[cabfpub] Updated gTLD proposal
jeremy.rowley at digicert.com
Mon Feb 4 10:37:45 MST 2013
Here's an updated gTLD proposal for tomorrow's discussion. This update compiles all of the feedback I've received so far. In particular, the modified motion reflects some new information I received from ICANN:
1) Domains will not generally be publicly resolvable 30 days after the announcement. Therefore, requiring a check during those 30 days doesn't add anything.
2) Some of the gTLDs will take a while before they are publicly resolvable. Because of this, the cut-off date should be tied to the public announcement. In addition, the plan is to release new gTLDs in batches. This means that the number of certificates requiring revocation over the next year could be very significant, especially if .corp is granted.
Jeremy Rowley made the following motion, and [Rick Andrews] and [Steve Roylance] endorsed it:
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Add the following as new Section 11.1.3:
11.1 Authorization by Domain Name Registrant
11.1.3 Wildcard Domain Validation
Before issuing a certificate with a wildcard character (*) in a CN or subjectAltName of type DNS-ID, the CA MUST establish and follow a documented procedure† that determines if the wildcard character occurs in the first label position to the left of a “registry-controlled” label or “public suffix” (e.g. “*.com”, “*.co.uk”, see RFC 6454 Section 8.2 for further explanation).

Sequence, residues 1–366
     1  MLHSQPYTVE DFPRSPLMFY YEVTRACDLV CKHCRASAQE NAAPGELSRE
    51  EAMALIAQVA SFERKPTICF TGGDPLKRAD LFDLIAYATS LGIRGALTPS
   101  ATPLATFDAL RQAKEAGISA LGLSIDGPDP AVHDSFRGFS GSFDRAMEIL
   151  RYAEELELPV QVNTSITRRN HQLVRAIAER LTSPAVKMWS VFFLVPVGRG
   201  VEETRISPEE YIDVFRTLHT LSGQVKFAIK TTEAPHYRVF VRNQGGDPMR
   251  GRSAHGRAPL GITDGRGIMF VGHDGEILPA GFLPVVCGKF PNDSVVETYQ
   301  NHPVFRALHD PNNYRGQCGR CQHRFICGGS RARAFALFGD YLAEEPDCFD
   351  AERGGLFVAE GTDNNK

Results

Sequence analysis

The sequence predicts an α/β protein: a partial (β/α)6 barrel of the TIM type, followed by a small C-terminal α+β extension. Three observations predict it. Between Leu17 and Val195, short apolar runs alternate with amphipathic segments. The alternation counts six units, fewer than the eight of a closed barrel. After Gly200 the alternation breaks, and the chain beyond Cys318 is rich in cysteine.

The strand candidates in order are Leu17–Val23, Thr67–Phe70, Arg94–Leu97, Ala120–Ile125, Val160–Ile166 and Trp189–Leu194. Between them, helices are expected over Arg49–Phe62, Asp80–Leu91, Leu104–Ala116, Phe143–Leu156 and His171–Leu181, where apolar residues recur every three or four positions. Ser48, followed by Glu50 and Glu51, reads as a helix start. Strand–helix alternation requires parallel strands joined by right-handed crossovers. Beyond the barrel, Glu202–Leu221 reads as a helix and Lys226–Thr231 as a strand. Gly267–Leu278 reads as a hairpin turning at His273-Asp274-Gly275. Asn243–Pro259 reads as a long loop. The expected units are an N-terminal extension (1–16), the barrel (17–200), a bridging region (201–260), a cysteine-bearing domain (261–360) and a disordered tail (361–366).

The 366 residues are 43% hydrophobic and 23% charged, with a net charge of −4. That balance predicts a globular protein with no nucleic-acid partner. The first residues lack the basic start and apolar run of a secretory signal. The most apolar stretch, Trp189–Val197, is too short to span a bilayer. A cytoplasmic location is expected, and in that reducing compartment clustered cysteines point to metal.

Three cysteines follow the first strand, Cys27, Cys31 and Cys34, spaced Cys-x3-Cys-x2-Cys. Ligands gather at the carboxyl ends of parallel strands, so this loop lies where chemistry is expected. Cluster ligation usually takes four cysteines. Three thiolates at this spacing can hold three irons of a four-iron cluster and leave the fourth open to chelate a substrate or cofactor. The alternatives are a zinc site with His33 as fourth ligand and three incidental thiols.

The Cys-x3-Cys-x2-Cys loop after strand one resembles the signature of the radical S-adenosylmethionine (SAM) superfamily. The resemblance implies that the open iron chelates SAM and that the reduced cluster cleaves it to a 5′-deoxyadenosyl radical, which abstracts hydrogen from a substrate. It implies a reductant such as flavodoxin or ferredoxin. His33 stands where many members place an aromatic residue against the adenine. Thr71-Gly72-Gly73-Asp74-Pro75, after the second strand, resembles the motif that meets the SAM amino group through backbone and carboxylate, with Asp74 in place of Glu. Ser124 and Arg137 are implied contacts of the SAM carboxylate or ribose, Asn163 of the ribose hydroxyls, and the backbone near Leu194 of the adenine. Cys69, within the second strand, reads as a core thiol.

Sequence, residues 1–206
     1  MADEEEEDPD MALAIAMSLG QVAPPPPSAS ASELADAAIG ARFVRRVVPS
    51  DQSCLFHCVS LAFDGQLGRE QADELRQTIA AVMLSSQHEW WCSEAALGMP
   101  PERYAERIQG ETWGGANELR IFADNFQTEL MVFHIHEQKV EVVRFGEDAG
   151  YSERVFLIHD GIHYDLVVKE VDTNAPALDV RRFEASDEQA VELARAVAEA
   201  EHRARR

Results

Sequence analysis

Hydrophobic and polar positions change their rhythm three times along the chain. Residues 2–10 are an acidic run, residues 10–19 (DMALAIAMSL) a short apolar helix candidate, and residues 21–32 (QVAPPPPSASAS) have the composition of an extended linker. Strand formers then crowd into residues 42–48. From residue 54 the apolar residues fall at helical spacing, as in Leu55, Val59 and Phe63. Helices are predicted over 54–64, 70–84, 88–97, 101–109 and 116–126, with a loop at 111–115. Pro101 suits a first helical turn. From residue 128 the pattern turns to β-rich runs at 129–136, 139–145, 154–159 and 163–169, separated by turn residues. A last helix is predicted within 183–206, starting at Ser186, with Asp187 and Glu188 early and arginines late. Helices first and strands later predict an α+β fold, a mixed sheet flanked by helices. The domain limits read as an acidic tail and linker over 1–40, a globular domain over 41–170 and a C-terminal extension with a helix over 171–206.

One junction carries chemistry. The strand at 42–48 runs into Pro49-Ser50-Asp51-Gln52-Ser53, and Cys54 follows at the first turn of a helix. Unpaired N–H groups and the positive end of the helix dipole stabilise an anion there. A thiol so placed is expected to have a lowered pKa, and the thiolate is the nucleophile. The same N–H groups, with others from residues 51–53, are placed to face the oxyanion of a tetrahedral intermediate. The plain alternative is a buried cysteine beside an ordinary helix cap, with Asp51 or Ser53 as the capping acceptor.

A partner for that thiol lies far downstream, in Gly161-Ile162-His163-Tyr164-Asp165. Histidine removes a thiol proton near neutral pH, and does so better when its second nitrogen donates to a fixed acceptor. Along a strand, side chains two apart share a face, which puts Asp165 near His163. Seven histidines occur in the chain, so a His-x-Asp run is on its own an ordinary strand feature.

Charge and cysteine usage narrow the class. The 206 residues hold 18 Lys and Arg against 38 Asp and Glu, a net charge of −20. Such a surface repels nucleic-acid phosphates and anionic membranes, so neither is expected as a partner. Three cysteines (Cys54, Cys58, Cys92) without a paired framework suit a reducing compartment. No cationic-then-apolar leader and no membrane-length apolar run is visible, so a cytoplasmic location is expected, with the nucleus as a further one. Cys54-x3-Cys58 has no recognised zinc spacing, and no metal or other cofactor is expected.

If a wildcard would fall within the label immediately to the left of a registry-controlled† or public suffix, CAs MUST refuse issuance unless the applicant proves its rightful control of the entire Domain Namespace. (e.g. CAs MUST NOT issue “*.co.uk” or “*.local”, but MAY issue “*.example.com” to Example Co.).
Prior to September 1, 2013, each CA MUST revoke any valid certificate that does not comply with this section of the Requirements.
†Determination of what is “registry-controlled” versus the registerable portion of a Country Code Top-Level Domain Namespace is not standardized at the time of writing and is not a property of the DNS itself. Current best practice is to consult a “public suffix list” such as http://publicsuffix.org/. If the process for making this determination is standardized by an RFC, then such a procedure SHOULD be preferred.
Add the following as new Section 11.1.4:
11.1.4 New gTLD Domains
CAs SHOULD NOT issue Certificates containing a new gTLD under consideration by ICANN. Prior to issuing a Certificate containing an Internal Server Name with a gTLD that ICANN has announced as under consideration to make operational, the CA MUST provide a warning to the applicant that the gTLD may soon become resolvable and that, at that time, the CA will revoke the Certificate unless the applicant promptly registers the domain name.
Within 30 days after ICANN has approved a new gTLD for operation, as evidenced by publication of a contract with the gTLD operator on [www.ICANN.org] each CA MUST (1) compare the new gTLD against the CA’s records of valid certificates and (2) cease issuing Certificates containing a Domain Name that includes the new gTLD until after the CA has first verified the Subscriber's control over or exclusive right to use the Domain Name in accordance with Section 11.1.
Within 120 days after the publication of a contract for a new gTLD is published on [www.icann.org], CAs MUST revoke each Certificate containing a Domain Name that includes the new gTLD unless the Subscriber is either the Domain Name Registrant or can demonstrate control over the Domain Name.
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More information about the Public